How to thaw a turkey

Last Thanksgiving, I decided to make my own turkey.  Usually, my sister makes it for our family Thanksgiving meal.  But, this year, my family was hoping for turkey leftovers.  While holding my 12 pound frozen turkey in the check-out lane, a woman noted I had a large bird to cook.  She proceeded to tell me how to prepare it for our supper the following day.

Instead of following her suggestion: cooking the frozen bird at 250 degrees over night, I Googled the Butterball website   (http://www.butterball.com/tips-how-tos/how-tos/thaw#one).  For my 12 pound bird, I thawed it in cold water, 30 min for each pound.  I had to switch the water every 30 min and it took me 6 hours.  But, I had the time and I knew I was being safe about thawing.

The holidays are full of giving thanks, shopping, making memories and delicious family meals. Some helpful tips for healthy side dishes, exercise and food safety are listed in hopes of not having the waist line bulge issue on December 31st:

  • Ask if you can bring an appetizer to the gathering.  Consider fresh fruit, veggies and low fat dip, cheese and low fat crackers.  Filling up on these low fat selections will help you not over dine at dinner.
  • Bring a favorite side dish but make it lower in fat and sugar.  Consider low fat alternative ingredients (ie: less oils in baking, switch to low fat cream cheese/sour cream).   Cut back to half of the sugar added to the already sweet potatoes. Maybe add Splenda to some of the desserts this year?
  •  Smaller portions on your plate.  Load up on the veggies and fruit.  Maybe a dinner roll is not necessary if you know you are having stuffing with the mashed potatoes this year?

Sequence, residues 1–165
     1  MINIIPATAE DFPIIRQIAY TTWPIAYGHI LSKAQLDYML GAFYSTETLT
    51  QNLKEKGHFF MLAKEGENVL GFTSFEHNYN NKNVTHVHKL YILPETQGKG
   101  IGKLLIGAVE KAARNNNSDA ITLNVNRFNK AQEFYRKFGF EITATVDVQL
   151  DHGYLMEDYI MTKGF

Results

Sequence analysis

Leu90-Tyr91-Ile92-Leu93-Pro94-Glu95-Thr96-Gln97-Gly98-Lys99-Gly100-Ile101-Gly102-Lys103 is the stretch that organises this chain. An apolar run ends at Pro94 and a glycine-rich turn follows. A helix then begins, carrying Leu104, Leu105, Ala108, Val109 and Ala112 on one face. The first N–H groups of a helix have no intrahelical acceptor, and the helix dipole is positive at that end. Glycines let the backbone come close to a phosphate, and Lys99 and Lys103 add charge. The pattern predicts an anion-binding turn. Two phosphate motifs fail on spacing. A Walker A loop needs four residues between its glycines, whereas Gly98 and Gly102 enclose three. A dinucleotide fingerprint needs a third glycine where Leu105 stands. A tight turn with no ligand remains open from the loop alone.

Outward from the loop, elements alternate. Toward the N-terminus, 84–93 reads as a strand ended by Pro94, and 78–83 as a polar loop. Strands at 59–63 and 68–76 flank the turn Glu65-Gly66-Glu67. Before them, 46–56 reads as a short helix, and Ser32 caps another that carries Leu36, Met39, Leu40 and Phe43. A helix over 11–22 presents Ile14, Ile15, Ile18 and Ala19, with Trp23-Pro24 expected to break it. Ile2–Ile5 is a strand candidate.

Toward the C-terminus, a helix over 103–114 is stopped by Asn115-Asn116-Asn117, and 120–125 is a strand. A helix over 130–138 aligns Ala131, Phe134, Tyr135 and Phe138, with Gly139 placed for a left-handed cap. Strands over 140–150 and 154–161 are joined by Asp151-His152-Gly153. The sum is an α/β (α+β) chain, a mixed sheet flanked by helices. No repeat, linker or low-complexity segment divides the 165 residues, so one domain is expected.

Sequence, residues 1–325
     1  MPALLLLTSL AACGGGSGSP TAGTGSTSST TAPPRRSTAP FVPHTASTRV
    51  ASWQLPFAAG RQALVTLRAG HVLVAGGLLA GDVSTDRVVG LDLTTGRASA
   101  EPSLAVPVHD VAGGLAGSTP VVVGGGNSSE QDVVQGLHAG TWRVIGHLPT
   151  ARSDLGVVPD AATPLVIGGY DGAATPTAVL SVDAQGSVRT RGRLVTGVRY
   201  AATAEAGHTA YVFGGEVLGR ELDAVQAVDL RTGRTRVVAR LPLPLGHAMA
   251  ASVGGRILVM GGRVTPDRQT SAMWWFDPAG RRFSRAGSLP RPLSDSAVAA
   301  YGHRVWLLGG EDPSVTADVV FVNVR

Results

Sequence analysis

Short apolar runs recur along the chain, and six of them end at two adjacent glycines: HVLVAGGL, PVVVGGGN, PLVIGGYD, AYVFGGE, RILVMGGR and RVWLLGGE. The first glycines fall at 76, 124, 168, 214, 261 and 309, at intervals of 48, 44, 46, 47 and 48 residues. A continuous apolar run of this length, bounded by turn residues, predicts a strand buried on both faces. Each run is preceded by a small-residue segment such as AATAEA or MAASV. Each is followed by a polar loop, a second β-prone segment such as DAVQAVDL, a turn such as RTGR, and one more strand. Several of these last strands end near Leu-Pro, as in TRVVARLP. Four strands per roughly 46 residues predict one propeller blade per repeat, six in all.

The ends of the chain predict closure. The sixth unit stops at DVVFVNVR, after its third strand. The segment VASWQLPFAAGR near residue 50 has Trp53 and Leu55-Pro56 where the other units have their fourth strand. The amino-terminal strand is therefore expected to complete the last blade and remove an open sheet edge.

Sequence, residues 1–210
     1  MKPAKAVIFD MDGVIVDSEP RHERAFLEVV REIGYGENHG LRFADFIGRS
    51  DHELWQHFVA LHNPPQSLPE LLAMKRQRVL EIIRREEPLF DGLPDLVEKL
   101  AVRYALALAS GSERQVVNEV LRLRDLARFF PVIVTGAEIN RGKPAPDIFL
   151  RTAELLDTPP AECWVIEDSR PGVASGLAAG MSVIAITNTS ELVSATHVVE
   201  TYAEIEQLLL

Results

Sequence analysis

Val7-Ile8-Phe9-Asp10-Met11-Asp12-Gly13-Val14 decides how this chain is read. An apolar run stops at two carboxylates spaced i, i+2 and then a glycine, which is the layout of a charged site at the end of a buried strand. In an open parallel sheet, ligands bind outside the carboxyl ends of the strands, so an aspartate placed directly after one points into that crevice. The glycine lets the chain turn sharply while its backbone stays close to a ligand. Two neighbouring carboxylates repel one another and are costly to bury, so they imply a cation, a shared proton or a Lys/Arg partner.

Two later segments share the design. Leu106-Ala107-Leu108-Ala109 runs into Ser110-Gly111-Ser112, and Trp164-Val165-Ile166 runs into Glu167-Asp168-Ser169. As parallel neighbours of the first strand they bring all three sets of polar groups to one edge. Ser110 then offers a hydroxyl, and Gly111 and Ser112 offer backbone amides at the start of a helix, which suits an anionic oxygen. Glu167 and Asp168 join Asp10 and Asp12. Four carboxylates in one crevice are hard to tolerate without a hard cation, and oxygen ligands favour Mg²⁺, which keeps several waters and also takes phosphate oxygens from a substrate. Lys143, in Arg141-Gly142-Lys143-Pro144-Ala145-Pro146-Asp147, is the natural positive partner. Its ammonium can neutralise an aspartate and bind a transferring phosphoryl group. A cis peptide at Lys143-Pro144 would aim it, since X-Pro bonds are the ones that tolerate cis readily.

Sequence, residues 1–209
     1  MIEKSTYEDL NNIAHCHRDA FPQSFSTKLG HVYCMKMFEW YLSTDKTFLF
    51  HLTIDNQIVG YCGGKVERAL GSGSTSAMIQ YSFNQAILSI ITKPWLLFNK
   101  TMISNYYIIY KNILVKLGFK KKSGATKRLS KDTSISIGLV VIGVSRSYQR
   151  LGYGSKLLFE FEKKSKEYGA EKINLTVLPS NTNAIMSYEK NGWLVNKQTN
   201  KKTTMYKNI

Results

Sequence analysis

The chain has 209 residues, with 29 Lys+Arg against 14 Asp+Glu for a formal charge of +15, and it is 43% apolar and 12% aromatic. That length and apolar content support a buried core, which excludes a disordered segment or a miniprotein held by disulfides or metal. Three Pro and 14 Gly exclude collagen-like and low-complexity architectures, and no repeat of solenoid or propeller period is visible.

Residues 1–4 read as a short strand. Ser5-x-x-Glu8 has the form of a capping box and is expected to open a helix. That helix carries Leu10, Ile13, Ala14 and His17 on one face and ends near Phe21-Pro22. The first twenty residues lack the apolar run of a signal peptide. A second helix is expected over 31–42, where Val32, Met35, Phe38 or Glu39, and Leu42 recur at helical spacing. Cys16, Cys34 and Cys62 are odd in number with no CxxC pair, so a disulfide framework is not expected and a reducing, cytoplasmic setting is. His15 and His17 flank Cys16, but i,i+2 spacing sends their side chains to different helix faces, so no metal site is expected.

• Consider some physical activity before and/or after your family meal.  In the Dayton area, there is the acclaimed Miamisburg Turkey Trot! Other thoughts: taking a walk in the morning and counting one’s blessings, getting the family outside and running around playing ball, and my favorite is enjoying  the after dinner walk spent with my sisters.
  • Food safety during the holiday season should always be considered.  Keeping cold foods cold and hot foods hot is imperative. Again, check out the Butterball website for turkey food safety tips: http://www.butterball.com/tips-how-tos/tips/food-safety. And, there is the American Dietetic Association’s website: http://www.eatright.org/Public/content.aspx?id=6377 for more holiday food safety and leftover tips.
  • Most importantly: Enjoy the time we have with each other.  Create memories.  And, give thanks and remember why we are all really here.  Enjoy!

Comments

  1. Reply
    Robin Kraner November 22, 2011

    If you do this method directly in the sink be sure to clean clean clean the sink as the juices from the poultry can leak out and stay on the sink etc. this is bad bacteria and needs to be cleaned with bleach and/or disinfectant especially for poultry .

    • Reply
      Becky November 22, 2011

      Yes, I do agree to cleaning the sink. Also to note, the turkey is still in its unopened package.
      Thanks for the comment!

      -Becky

  • Comment
  • Rate this article
    1333
    Thanks!
    An error occurred!

eGrowing Together

is a monthly e-newsletter of child health, safety and parenting tips from the pediatric experts at Dayton Children's.

Subscribe to the blog

We have created this blog as a way to communicate key childrens' health and safety issues to parents and other child advocates. It is managed by Dayton Children's department of marketing communications. Comments can be sent to rodneyg@childrensdayton.org.

Subscribe